LONDON (Reuters) - The London Marathon will go ahead as planned in the British capital this Sunday despite the bomb attack on the Boston race which killed three people and wounded more than 100, police and officials said on Tuesday.
Sports Minister Hugh Roberston said he was confident of security arrangements for the London event and encouraged people to attend as a show of solidarity with the U.S. city.
"In security terms, we are as confident as we possibly can be that we can deliver a safe and secure marathon," Robertson said in an interview on the BBC and Sky TV.
The 26-mile (42 km) London Marathon will attract 36,000 runners, among them Britain's double Olympic champion Mo Farah, starting at Greenwich Park and winding through city landmarks before finishing at the Mall.
London Mayor Boris Johnson told reporters while on a visit to Dubai: "Obviously what happened in Boston was shocking and horrific and our thoughts are very much with the victims and their families."
The Boston blasts detonated close to spectators standing behind roadside barriers. The two explosions were about 50 to 100 yards (metres) apart as runners crossed the finish line.
The incident evoked memories of the September 11, 2001, attacks on the United States although no one has claimed responsibility and a political motive has not yet been determined.
Robertson said the British police and military had great experience in guarding big events.
"The best way of dealing with this is to get out on the streets, is to show solidarity with the people in Boston, to celebrate a fantastic marathon and send out a very clear message to those responsible that we won't be cowed by this kind of behaviour," he said.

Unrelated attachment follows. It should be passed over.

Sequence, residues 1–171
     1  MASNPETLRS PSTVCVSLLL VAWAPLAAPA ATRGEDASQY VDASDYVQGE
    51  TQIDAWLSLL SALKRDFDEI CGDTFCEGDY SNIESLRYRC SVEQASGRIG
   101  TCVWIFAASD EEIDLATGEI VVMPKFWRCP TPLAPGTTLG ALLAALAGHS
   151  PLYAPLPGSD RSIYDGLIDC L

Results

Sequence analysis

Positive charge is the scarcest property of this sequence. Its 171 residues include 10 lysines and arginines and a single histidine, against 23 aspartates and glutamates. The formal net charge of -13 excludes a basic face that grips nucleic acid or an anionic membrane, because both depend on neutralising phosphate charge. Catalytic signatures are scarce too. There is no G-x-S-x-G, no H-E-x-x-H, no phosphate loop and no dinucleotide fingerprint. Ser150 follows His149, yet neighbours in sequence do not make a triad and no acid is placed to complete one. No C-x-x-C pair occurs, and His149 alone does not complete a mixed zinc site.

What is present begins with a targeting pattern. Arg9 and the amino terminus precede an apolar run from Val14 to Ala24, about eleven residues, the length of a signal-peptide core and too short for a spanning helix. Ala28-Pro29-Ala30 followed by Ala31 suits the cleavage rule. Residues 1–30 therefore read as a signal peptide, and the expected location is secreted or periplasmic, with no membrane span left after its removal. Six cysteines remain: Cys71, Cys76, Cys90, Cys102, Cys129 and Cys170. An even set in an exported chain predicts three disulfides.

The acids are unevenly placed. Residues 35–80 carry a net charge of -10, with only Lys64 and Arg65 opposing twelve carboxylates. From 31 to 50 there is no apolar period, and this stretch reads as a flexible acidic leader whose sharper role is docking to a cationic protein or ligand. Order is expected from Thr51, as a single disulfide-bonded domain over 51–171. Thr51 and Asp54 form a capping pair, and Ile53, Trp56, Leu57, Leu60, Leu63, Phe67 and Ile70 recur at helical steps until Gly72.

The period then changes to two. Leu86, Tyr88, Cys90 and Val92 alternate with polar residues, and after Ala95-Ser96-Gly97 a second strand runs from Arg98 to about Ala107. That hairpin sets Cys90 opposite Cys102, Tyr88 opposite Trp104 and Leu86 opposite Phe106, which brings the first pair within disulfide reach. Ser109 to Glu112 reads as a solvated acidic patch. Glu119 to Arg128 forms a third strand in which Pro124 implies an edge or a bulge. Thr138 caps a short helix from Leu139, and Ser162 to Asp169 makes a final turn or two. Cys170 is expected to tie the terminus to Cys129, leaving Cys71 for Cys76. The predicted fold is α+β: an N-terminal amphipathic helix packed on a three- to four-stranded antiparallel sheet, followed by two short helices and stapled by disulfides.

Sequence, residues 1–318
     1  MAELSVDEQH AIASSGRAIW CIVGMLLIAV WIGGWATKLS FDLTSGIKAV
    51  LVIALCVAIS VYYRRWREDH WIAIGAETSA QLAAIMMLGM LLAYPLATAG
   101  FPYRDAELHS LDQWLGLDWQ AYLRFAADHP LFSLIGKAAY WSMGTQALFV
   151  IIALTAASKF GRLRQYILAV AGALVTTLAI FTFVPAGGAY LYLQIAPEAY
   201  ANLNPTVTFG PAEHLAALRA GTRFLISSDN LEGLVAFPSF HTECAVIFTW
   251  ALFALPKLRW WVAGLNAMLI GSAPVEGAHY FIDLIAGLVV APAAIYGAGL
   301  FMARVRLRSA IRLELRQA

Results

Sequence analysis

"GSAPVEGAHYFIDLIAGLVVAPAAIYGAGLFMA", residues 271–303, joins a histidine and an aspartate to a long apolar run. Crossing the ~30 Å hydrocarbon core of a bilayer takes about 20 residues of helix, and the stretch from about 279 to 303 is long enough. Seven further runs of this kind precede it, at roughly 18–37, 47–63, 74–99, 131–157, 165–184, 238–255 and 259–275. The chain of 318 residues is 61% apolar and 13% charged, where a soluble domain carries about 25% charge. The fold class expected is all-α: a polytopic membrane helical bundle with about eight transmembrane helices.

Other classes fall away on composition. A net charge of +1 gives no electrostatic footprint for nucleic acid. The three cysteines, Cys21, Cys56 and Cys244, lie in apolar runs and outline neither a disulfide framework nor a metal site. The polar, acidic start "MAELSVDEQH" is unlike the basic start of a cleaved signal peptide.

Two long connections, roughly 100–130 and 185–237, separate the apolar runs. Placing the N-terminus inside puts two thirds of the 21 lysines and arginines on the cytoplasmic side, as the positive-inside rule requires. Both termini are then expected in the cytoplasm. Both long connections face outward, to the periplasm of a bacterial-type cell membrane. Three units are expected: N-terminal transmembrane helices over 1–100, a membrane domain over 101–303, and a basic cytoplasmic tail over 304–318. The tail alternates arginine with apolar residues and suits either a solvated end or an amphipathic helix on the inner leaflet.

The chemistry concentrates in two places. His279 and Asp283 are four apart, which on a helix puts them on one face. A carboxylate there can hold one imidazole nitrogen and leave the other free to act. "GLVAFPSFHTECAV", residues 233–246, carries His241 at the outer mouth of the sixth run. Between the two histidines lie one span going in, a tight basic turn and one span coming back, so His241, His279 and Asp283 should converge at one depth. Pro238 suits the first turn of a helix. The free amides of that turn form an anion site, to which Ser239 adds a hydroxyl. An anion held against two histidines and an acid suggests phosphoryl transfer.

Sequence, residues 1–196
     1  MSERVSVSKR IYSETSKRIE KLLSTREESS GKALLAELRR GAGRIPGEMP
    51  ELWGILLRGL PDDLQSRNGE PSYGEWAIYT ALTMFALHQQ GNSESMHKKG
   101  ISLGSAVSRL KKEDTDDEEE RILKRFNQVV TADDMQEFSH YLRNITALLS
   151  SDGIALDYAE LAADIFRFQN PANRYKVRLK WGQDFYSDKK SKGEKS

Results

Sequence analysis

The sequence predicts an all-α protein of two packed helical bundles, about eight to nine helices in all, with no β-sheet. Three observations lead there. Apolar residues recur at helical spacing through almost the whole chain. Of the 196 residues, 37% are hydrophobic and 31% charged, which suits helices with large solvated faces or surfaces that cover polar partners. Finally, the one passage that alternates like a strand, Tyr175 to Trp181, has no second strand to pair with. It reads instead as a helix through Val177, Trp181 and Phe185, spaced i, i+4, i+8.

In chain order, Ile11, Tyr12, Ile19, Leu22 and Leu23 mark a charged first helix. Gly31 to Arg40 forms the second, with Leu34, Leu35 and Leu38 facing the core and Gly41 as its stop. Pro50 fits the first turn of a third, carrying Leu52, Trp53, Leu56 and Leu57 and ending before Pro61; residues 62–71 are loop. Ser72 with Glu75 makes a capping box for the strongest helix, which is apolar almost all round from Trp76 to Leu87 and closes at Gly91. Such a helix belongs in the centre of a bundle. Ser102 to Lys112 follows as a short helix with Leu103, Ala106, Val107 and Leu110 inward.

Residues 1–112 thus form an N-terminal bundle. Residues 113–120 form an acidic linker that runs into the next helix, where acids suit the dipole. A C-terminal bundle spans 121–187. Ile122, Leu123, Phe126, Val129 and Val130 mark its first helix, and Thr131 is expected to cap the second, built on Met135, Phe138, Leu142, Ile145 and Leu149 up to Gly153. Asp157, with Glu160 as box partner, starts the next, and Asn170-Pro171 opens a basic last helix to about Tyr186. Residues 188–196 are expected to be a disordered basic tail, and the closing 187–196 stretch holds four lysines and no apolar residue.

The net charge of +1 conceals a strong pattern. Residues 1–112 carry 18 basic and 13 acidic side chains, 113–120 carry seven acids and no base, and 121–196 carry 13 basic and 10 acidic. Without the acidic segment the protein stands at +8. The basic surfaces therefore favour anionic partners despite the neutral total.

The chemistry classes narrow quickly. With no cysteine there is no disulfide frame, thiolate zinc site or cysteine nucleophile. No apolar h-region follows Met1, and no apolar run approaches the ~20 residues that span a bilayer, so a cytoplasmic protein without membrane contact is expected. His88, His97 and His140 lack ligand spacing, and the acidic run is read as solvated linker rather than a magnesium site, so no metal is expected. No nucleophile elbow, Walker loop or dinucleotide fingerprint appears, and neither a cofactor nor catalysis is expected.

Metropolitan Police chief Superintendent Julia Pendry said the force was reviewing its security arrangements in liason with race organisers.
London police will also mount a large security operation for the funeral of former Prime Minister Margaret Thatcher on Wednesday.
Mayor Johnson said he had talked to the London police commissioner about both events.
"We have got the funeral and then obviously we have got the marathon at the weekend...clearly we will be calling on the public to be vigilant and maybe there will be some intensified search operation but certainly we will be proceeding as normal," he said.
The London race was first run in 1981 and has become a centrepiece of the sporting calendar in Britain with elite athletes joined by the vast number of amateur runners who compete to raise money for charity.
Hundreds of thousands of people line the course with music and food stalls adding to the party atmosphere.
London Marathon Chief Executive Nick Bitel said he was saddened and shocked by the bloodshed in Boston.
"Our immediate thoughts are with the people there and their families. It is a very sad day for athletics and for our friends and colleagues in marathon running," Bitel said.
In Germany, Hamburg's annual marathon will go ahead as planned on Sunday after German police and security officials said they saw no increased risk for the event, organisers said.
(Reporting by Pritha Sarkar, Patrick Johnston, Martyn Herman and Willima MacLean; Editing by Angus MacSwan)